ACLU Comes To Defense of Wolcott Teen
His classmates were allowed to wear duct tape over their mouths in silent support of gay rights, but a Wolcott High School student was told he had to remove an anti-gay T-shirt, according to his father.
The T-shirt featured a rainbow with a slash through it on one side, and a male and female stick figure holding hands on the other side with the words “Excessive Speech Day” on the other side.
The student, Seth Groody, wore the T-shirt on April 20 to “express his dislike for gay marriage and his opposition to the perceived message that was promulgated by the school,” said ACLU Legal Director Sandra Staub. The day he wore the T-shirt was a “Day of Silence” intended to bring awareness to bullying and promote tolerance of gay, lesbian, bisexual, and transgendered people.
In a phone interview Tuesday, Edward M. Groody III, Seth’s father, said school authorities forced his son to the office, forced him to take off his shirt, and gave him another shirt to wear.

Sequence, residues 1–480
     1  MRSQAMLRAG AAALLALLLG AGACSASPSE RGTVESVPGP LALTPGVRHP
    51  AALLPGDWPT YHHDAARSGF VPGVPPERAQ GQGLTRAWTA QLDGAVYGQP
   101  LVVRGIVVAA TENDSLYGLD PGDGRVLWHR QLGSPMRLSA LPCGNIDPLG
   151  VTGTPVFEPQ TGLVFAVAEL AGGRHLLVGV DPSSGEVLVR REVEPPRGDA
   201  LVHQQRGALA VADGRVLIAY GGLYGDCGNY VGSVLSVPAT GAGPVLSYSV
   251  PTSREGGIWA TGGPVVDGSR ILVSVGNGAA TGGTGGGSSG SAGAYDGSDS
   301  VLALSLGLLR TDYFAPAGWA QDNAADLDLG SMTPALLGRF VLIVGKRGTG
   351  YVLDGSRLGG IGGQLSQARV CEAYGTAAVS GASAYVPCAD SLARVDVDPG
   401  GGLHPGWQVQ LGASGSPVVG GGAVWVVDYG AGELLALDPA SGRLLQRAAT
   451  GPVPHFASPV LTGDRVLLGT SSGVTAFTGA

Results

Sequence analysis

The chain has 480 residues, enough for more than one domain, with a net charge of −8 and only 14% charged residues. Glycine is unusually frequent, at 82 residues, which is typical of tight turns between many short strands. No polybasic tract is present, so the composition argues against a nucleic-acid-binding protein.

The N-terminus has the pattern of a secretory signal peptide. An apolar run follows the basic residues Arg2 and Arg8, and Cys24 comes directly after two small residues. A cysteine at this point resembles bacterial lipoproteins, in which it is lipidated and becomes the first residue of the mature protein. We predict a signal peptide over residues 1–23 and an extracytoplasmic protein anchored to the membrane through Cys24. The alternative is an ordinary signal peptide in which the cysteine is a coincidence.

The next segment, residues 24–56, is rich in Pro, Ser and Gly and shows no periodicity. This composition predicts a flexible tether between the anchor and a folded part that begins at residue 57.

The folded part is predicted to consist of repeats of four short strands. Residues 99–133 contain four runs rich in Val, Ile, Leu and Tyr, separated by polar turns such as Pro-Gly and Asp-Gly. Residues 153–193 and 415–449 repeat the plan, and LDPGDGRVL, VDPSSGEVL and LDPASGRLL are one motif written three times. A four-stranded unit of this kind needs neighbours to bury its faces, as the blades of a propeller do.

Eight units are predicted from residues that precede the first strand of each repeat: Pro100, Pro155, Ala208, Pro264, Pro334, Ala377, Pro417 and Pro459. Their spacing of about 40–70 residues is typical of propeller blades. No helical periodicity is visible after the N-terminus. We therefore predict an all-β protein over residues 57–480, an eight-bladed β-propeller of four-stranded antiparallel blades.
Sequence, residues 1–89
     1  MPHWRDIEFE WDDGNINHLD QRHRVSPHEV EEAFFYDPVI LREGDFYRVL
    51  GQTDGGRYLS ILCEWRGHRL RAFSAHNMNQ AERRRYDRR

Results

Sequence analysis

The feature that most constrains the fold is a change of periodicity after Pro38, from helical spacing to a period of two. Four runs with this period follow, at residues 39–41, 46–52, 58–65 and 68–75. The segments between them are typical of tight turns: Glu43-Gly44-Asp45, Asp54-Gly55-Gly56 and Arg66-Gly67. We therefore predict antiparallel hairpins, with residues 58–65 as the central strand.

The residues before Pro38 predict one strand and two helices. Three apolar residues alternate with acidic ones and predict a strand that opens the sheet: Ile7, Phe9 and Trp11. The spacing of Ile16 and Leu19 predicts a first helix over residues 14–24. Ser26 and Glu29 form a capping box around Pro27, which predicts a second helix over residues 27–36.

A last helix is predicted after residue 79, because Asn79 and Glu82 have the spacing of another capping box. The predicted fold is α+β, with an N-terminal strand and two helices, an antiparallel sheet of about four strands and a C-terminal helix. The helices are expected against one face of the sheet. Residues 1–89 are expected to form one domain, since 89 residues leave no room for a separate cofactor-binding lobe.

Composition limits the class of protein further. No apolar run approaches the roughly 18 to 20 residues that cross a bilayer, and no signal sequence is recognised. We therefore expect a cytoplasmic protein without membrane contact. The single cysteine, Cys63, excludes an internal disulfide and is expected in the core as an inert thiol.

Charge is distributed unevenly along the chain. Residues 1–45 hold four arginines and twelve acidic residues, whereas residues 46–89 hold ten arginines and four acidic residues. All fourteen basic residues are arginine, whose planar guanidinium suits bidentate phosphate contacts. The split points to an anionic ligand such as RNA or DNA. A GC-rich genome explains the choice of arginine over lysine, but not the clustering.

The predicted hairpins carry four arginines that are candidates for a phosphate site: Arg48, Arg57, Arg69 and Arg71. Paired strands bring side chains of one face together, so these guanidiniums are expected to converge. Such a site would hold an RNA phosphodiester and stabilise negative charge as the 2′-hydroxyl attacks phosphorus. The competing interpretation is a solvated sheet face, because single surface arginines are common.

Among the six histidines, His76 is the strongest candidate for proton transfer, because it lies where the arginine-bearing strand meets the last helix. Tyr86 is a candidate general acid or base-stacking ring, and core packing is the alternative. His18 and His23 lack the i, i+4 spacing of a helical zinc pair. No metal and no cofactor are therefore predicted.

“I’m not going to call them a bunch of bullies,” he said before emphasizing that the school allowed other students to wear duct tape over their mouths that same day. He referred to the school day as “wasted” because student participation was physically limited by the tape.
But Groody said he doesn’t plan to file a lawsuit at this point.
The ACLU of Connecticut has stepped in to defend Groody by writing this letter to Principal Joseph Monroe.
In the letter, Staub reminded Monroe that asking Groody to remove his T-shirt was a violation of his First Amendment rights.
“The First Amendment was written to protect unpopular speech, which is naturally the kind of speech that will always need protection,” Staub said. “The ACLU has fought hard for same-sex marriage and we couldn’t agree with Seth less on that issue, but he is absolutely correct about his right to express his opinion.”
But the ACLU wasn’t threatening legal action against the school. It was simply writing to remind school officials of long-established laws governing free speech in schools, the legal precedent for which was set by the U.S. Supreme Court in 1969 with its decision in Tinker v. Des Moines, which involved students wearing armbands to protest the Vietnam War. The “Tinker Test” is still applied to similar cases today.
The U.S. 7th Circuit Court of Appeals also found in favor of the students in 2011 in a relevant decision involving high school students who opposed the Day of Silence event and wore shirts that read “My Day of Silence, Straight Alliance” on the front and “Be Happy, Not Gay” on the back.
A staff person who answered the phone in Monroe’s office Tuesday declined to comment.